The Land of the Silver Apples
by Nancy Farmer
THE CHILDREN FROM THE SEA OF TROLLS BRAVE THEIR WORST NIGHTMARES -- UNDERGROUND.
Jack is amazed to have caused an earthquake. He is thirteen, after all, and only a bard-in-training. But his sister, Lucy, has been stolen by the Lady of the Lake; stolen a second time in her young life, as he learns to his terror. Caught between belief in the old gods and Christianity (790 AD, Britain), Jack calls upon his ash wood staff to subdue a passel of unruly monks, and, for his daring, ends up in a knucker hole. It is unforgettable -- for the boy and for readers -- as are the magical reappearance of the berserker Thorgil from a burial by moss; new characters Pega, a slave girl from Jack's village, and the eager-to-marry-her Bugaboo (a hobgoblin king); kelpies; yarthkins; and elves (not the enchanted sprites one would expect but the fallen angels of legend). Rarely does a sequel enlarge so brilliantly the world of the first story. Look for the conclusion in The Islands of the Blessed in 2009.
Having loved The Sea of Trolls, I was expecting a lot from this one. I guess I expected too much, for it didn't live up to my wishes. All the ingredients were there -- an epic quest with magical creatures like hobgoblins and elves -- but I don't think the story was well-developed. Too many times, I couldn't get a clear description of characters and settings in my mind, and I'm not sure if it was just overload or what. I found myself going back to reread a section to clear things up. This is a long book ( almost 500 pages), so one would have to be committed to keep with it. I'd only recommend to those wanting fantasies with an epic quest, and then only to those willing to muddle through such a long book. Rating = C.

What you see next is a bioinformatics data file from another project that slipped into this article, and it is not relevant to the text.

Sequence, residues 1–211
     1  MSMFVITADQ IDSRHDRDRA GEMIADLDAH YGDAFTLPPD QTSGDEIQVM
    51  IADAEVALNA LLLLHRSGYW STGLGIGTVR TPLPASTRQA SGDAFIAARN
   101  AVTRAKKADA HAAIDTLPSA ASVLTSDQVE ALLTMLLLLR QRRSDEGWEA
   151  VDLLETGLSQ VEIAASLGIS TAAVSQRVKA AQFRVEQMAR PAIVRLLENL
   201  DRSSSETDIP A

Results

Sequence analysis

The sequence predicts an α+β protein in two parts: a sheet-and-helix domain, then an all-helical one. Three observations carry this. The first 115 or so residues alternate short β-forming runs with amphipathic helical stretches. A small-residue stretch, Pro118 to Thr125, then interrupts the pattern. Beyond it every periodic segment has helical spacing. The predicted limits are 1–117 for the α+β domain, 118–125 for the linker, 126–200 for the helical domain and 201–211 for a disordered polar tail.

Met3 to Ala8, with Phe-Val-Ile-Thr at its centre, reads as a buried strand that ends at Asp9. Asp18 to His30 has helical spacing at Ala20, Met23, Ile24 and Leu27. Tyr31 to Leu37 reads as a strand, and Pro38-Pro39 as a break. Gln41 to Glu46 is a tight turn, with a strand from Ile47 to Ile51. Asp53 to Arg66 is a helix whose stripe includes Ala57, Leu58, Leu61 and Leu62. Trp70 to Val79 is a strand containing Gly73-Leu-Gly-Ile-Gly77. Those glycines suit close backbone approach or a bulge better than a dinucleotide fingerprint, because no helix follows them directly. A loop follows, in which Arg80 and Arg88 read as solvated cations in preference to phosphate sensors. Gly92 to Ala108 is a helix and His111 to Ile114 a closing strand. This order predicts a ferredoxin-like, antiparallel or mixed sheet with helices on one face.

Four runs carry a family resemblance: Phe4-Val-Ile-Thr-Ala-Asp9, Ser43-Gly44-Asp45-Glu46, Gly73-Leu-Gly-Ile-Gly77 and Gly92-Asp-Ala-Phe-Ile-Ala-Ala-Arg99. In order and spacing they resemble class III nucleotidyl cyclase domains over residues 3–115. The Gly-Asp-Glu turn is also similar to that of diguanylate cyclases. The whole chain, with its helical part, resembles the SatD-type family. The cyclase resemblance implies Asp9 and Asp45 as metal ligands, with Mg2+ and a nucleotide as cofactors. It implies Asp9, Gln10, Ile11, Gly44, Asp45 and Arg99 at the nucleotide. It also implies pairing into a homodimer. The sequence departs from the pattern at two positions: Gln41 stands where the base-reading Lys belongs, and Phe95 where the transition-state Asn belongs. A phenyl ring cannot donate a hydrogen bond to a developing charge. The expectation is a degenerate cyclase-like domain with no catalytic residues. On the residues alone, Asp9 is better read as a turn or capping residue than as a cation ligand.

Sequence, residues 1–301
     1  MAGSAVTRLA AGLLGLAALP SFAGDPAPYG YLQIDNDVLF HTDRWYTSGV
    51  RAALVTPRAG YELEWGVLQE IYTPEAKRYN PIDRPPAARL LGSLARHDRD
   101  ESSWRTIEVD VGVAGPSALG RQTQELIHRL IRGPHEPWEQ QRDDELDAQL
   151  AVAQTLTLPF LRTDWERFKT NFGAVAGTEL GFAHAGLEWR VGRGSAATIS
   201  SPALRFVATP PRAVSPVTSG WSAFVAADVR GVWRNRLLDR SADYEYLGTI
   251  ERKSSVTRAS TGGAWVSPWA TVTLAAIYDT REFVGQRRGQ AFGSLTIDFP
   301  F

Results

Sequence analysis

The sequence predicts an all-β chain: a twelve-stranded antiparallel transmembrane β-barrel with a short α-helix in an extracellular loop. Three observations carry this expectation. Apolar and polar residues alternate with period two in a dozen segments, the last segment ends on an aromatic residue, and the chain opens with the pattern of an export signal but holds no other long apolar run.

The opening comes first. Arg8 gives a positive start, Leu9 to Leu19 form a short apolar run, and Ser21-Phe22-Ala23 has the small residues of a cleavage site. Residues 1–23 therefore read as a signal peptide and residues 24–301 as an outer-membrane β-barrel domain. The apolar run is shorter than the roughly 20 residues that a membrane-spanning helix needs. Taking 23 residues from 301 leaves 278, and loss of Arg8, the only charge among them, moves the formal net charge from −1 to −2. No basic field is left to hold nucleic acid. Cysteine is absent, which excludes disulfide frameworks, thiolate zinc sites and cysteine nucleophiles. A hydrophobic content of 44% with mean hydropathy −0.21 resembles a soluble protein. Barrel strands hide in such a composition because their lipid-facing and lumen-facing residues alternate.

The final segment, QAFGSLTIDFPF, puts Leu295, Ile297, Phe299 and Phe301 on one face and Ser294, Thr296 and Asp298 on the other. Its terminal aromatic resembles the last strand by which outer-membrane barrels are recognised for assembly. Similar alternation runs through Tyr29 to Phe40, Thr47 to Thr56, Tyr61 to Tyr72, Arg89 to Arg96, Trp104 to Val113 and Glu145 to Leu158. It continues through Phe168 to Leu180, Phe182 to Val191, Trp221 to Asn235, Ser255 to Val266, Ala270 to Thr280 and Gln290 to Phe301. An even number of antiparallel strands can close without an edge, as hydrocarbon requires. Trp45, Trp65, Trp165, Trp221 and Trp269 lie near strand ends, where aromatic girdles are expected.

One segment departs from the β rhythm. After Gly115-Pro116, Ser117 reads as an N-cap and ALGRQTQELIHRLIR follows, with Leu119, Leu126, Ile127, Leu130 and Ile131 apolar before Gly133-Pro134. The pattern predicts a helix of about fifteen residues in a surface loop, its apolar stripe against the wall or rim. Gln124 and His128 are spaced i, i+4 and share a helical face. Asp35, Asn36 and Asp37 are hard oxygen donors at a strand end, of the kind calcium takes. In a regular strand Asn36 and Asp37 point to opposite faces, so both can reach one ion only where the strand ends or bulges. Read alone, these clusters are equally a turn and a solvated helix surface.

The Ghost Road
by Tony Abbott
Could the road to the afterlife be a two-way street? Derek can't claim to be a normal fourteen-year-old anymore. Not after what he discovered at the Red House. His role in the war against the dead is more pivotal --- and more terrifying --- than he could have imagined. And so it all comes down to this. The Rift between the worlds of the living and the dead has to be closed . . . forever. It seems like an impossible task. And it rests squarely on the shoulders of a slightly overweight, not especially brave kid named Derek Stone. If Derek is ever going to become a hero, now's the time.
I had to finish this series, just to see how things ended with Derek.What started as a promising horror series ended up predictable fare.I will say it's a quick read, but I honestly was to the point of not caring how it ended. I believe the intended audience (middle grades) will be more impressed with the story and probably find it scarier. This is one to show those that can't get enough horror in their reading diets, I suppose. I give it a C.
The Doll in the Garden
by Mary Downing Hahn
When Ashley discovers a turn-of-the-century doll it is just the first of several puzzling events that lead her through the hedge and into a twilight past where she meets Louise, an ailing child whose beloved doll has mysteriously disappeared.
This is my favorite book of the week. Several student have been after me for years to read some of Hahn's "ghost stories", so here's to them. A time-travel/ghost story about a lost doll and guilt over loss. It's one that's truly not scary, but is suspenseful. The conclusion is a happy one where all is resolved, but not in a let's-tie-up-all-loose-ends-in-one-paragraph way. I can definitely see why so many middle grades readers love Hahn. The Doll in the Garden was spooky and mysterious, but not frightening. A B book for me.